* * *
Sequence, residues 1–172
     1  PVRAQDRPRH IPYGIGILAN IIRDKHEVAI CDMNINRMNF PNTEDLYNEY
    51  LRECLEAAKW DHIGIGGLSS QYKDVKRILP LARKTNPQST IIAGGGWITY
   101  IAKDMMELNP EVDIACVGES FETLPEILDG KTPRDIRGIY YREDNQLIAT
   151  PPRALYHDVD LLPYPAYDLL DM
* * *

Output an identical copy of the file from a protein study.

Sequence, residues 1–172
     1  PVRAQDRPRH IPYGIGILAN IIRDKHEVAI CDMNINRMNF PNTEDLYNEY
    51  LRECLEAAKW DHIGIGGLSS QYKDVKRILP LARKTNPQST IIAGGGWITY
   101  IAKDMMELNP EVDIACVGES FETLPEILDG KTPRDIRGIY YREDNQLIAT
   151  PPRALYHDVD LLPYPAYDLL DM